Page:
There are aspects of parenting I hate. It looks like one is going to hit me square in the face tomorrow.
Kalista’s kitten, Mittens, is missing. Our back yard is fenced in and the 3-month-old gray and white tiger has no history of getting out. Consequently, I wasn’t too concerned when it didn’t respond to my calls to come inside with the other cat and our dog at the commencement of a thunderstorm Friday night.
Now all I can see is its tail straight up in the air as it ran away from the house. The rain hadn’t begun to fall; the kitten wanted to stay outside. I did not give chase.
God, I wish I had.
Tonight I checked the borders of the yard with a flash light, fearing I’d find it dead and caught in the fence where it’d tried to get out at some point. That news would have been horrible enough to deliver my 5-year-old daughter, but this – the answer to the question I’m sure to get by tomorrow – could actually be worse.
“Where is Mittens, Daddy?”
I don’t know. Maybe someone picked it up. Perhaps it got outside the fence and was hit by a car. Maybe it’s at the animal shelter waiting for us to come by. I just don’t know.
What should I say? I don’t want to say the kitten’s gone for good only to find it later, but false hope has a tendency to extend torment. I’ve got this vision in my head of Kalista opening the back gate each day for the next six months hoping to have the kitten greet her as it has before – and my beautiful little girl who deserves no pain in this life being crushed every time as she realizes that day is not the day Mittens comes home.
Yes, I think I would rather know the kitten is gone for good. At least the coping process could begin.
Naturally, and particularly because I’m at a complete loss as to what to tell Kalista, I consulted the Internet for advice. The first site Google brought up was this one, which addressed the following topics in California-like fashion: 1.) Am I crazy to hurt so much?, 2.) What can I expect to feel?, 3.) What can I do about my feelings?, 4.) Who can I talk to?, 5.) What do I do next?, 6.) Will my other pets grieve?, and 7.) Should I get a new pet right away? The site’s front page included “A Poem for the Grieving.”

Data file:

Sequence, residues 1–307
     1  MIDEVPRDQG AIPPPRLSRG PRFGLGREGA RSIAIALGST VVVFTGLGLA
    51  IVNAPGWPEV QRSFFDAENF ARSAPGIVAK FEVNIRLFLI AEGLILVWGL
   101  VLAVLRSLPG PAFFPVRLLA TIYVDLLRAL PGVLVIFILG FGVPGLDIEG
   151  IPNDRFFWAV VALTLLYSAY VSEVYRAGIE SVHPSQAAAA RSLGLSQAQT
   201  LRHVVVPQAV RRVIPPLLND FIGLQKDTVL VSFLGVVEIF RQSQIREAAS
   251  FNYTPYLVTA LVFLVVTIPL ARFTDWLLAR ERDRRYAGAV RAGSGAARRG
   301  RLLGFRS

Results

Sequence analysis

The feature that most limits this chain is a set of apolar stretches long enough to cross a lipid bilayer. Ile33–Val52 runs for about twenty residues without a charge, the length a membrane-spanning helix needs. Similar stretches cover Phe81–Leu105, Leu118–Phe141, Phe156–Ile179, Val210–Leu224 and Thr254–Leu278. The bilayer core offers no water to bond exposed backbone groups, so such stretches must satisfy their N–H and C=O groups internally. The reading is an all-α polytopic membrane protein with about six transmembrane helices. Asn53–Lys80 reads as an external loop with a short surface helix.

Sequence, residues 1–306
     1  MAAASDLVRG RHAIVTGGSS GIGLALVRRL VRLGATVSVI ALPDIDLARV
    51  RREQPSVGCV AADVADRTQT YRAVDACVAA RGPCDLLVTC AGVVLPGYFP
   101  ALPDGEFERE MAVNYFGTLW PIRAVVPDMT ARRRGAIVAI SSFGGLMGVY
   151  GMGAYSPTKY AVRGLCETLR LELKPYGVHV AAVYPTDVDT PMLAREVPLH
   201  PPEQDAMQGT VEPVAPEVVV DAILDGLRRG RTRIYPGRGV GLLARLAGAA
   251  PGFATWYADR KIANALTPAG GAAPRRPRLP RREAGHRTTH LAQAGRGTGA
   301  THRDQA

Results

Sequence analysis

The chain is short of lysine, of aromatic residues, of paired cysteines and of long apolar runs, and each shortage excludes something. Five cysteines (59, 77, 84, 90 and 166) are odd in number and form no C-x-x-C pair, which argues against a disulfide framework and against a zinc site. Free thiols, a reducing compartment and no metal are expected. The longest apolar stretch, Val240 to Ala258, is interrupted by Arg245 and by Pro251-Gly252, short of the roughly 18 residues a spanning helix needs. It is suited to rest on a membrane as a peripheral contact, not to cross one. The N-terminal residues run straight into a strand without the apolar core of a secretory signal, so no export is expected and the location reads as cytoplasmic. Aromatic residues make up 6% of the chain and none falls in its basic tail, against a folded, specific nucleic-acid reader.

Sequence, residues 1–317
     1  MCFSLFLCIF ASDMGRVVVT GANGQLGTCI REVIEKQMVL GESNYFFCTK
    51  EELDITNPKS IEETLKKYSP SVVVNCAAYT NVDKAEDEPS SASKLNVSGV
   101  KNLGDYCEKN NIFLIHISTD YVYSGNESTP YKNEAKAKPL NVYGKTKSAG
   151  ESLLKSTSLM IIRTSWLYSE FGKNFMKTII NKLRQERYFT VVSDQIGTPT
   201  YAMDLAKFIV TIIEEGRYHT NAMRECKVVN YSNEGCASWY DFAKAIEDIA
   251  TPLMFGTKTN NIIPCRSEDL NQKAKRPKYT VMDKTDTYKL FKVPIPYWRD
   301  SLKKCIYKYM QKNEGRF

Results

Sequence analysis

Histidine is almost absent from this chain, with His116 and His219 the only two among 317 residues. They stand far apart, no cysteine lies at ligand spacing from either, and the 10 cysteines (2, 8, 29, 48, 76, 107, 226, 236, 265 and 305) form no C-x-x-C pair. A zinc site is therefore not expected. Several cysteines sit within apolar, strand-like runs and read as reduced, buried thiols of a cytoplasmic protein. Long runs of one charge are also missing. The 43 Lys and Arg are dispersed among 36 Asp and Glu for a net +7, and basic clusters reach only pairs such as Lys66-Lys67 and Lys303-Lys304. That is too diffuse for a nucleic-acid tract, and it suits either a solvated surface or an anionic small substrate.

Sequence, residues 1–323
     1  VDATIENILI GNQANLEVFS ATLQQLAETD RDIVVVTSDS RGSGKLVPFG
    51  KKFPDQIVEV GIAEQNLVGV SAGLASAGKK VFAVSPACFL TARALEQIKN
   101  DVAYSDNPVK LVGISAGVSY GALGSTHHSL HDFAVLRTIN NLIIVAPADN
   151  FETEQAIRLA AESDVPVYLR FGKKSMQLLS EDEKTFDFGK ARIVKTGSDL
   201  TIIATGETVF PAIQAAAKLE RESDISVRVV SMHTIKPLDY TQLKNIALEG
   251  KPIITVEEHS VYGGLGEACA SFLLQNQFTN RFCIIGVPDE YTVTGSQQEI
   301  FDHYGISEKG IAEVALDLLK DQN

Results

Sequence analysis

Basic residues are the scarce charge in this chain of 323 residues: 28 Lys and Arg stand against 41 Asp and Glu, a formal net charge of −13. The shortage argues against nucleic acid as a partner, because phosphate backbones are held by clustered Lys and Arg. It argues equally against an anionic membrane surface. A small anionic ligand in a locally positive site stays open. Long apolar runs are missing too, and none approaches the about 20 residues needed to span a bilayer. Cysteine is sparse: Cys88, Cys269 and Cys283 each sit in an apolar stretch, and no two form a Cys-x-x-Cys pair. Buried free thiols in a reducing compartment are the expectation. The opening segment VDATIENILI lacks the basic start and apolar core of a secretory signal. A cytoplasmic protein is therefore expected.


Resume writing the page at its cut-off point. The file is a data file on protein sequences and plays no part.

Not only did this site seem inadequate and a little ridiculous, but it downright discouraged me. One topic dealt with what to tell children whose pets have died. “Never say the pet ‘went away,’ or your child may wonder what he or she did to make it leave, and wait in anguish for its return,” the site cautioned.
Great. So what do you say when the pet really did just go away?
It kind of contradicts this parenting site, which says lying to a child will destroy trust between him or her and the parent once the truth comes out.
So I found this: petamberalert.com. You have absolutely got to stick around and read about petamberalert.com.
Step 1, according to the site: You make a poster that gets faxed to animal shelters, hospitals, vets and pet stores in your area.
Step 2, and I quote: “A Missing Pet Voice Broadcast is sent by PHONE to the whole neighborhood. Local neighbors and residents in the area the pet was last seen receive a personalized recorded message about your pet within minutes. When someone finds a lost pet, they typically take it home first where they decide what to do next. With our Emergency Phone Alert System, they will receive a voice broadcast with your contact information on their home phone. Your neighbor will then call you to arrange for your pet’s safe return.
Step 3: “The alert has been issued and within minutes your whole community will be out there searching for your missing pet!!”
It can even alert “the entire state,” according to the site. Man, those people in Charleston aren’t going to know what hit ‘em once petamberalert.com saves the day.
I am almost ashamed to say I considered this service, even after deciding it is absurd. I stopped considering the service once I saw the cost: $90 to $290, depending on the number of people you want to annoy the crap out of.
Regardless, I’m glad Kalista’s missing kitten led me to a corner of the Internet I would have otherwise assumed – probably hoped – didn’t exist. It was good for a chuckle during an otherwise tense time.
Still, Sunday morning’s going to come. We’re going to get up, eat breakfast on the front porch, go to church and visit Grandma and Poppa. We’ll probably end up at the lake. Maybe Chris, Ginger and Connor will come. All in all, it will be a wonderful Sunday … but I’m sure it’s also going to be the day she knows something is missing.
“Where is Mittens, Daddy?”
I pray I’ll have an answer.